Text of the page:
Balthasar: unity of objective and subjective truth

“If the Church remains conscious that she has been sent out by Christ, then the only norm to which she may adhere when addressing a new epoch is the Holy Spirit, who is the Lord of all the transpositions of the Christian message. It is therefore not possible for a dogmatically essential difference to exist between a ‘dogmatic’ and a ‘pastoral’ declaration of the Church’s Magisterium. This cannot lie in the distinction between theoretical truth and practical-existential truth, because ... it is no more possible for such a distinction to exist in the Church than it is for such a distincton to exist in the Holy Spirit, who is the objective witness only by being the subjective act of carrying-out, or than it is for such a distinction to exist in Jesus Christ, who is the presentation of the divine, triune truth only in the obedient love that goes unto death, or than in God himself, who is truth precisely to the extent that he is the disclosure of the absolute mutual gift of self.”

—Hans Urs von Balthasar, Creator Spirit: Explorations in Theology III, trans. Brian McNeil, C.R.V. (San Francisco: Ignatius Press, 1993), 275.

Comments

Shane said…
I liked this quote a lot, but I'll have to spend a lot more time thinking about it. Tell me, who do you think he is responding to here?
D.W. Congdon said…
There are probably a few targets. First, he states on the opposing page that "there is no purely theoretical truth." This is the most obvious target. Balthasar wants to affirm that dogmatics is ethics and believing is doing. We don't have the freedom to divide truth from life, hence the name of the chapter/essay in which this quote appears is "Truth and Life." Second, people often associate Father and Son with the objective side of faith and the Spirit with the subjective side. Balthasar argues that this is far too simplistic. The Spirit is part of the objective reality, just as Father and Son are bearers of a subjective reality. So the other half of Balthasar's argument is that the doctrine of the Trinity must inform our understanding of truth and life.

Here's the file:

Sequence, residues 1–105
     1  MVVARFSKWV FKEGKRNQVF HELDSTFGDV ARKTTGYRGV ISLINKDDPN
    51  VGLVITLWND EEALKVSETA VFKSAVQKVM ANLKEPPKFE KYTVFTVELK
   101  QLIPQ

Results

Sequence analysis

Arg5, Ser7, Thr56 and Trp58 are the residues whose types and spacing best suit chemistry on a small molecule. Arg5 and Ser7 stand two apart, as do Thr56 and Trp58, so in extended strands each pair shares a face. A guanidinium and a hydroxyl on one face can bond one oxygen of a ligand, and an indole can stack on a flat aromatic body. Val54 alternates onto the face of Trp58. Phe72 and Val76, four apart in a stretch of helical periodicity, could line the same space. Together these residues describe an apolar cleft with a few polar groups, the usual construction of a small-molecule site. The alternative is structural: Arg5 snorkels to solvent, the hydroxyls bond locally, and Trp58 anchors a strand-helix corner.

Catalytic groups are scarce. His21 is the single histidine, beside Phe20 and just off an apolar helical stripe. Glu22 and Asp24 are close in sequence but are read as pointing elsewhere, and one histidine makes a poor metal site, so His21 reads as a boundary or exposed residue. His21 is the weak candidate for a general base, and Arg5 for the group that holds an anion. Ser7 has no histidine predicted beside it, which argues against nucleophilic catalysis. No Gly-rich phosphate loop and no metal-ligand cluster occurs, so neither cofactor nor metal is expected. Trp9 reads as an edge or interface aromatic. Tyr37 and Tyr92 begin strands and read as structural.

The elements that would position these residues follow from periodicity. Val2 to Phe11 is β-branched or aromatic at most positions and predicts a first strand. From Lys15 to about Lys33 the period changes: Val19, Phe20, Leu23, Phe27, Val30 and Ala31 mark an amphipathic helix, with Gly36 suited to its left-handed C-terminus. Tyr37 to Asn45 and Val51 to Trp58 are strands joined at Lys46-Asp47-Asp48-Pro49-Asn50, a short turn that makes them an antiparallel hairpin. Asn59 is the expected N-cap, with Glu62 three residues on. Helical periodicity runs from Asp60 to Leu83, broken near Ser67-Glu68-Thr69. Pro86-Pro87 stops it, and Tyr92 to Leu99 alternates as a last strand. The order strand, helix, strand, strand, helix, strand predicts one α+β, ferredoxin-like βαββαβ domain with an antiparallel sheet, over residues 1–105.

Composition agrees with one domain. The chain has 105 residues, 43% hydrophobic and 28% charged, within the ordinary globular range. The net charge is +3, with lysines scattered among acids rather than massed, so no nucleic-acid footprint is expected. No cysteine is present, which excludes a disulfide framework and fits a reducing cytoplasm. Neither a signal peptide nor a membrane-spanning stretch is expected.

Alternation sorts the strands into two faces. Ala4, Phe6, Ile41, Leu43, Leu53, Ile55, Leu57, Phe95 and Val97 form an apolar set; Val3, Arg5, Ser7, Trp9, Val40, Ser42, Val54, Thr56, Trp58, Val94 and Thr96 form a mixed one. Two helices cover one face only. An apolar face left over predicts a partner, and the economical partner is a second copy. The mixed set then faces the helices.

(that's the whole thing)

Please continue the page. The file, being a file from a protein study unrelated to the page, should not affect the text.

Halden said…
I think another major thing that's operating in Balthasar's thought here is the close connection he draws between the work of the Spirit and the church's Magisterium. Balthasar's ecclesiology is thoroughly Catholic. Thus, of course we can expect that for him, the work of the Spirit is going to be every bit as objective as the reality of the visible church.